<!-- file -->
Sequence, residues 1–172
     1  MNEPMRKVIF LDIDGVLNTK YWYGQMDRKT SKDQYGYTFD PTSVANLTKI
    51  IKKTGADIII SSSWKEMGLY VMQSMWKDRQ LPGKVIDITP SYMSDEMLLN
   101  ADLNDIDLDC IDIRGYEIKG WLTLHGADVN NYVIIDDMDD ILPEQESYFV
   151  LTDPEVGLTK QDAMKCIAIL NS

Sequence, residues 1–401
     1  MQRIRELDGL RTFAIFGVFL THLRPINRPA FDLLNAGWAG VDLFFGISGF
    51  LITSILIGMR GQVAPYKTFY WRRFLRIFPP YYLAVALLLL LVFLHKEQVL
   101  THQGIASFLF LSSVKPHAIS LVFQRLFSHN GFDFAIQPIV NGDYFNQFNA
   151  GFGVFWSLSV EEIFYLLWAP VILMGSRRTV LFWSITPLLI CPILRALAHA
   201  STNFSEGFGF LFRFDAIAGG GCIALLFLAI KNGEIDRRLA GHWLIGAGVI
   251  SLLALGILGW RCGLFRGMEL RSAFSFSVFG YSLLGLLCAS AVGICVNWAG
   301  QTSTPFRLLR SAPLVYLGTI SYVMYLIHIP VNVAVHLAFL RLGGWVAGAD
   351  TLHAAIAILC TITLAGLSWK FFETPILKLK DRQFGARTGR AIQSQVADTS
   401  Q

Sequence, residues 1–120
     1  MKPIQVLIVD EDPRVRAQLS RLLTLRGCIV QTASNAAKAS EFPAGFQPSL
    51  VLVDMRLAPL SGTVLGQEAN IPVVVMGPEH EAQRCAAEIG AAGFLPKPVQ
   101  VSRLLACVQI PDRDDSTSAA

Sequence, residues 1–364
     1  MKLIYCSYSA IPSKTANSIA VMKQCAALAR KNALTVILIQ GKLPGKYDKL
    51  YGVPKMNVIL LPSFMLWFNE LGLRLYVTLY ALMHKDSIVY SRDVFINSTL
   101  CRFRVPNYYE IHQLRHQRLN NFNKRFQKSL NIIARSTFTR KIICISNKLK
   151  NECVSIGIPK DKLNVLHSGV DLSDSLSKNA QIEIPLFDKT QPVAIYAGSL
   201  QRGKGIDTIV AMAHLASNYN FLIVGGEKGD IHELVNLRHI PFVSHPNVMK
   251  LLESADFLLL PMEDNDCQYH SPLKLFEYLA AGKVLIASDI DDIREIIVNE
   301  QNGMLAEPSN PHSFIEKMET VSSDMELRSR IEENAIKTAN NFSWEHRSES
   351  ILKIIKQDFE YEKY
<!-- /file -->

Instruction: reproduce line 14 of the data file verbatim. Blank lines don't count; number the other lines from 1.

   351  TLHAAIAILC TITLAGLSWK FFETPILKLK DRQFGARTGR AIQSQVADTS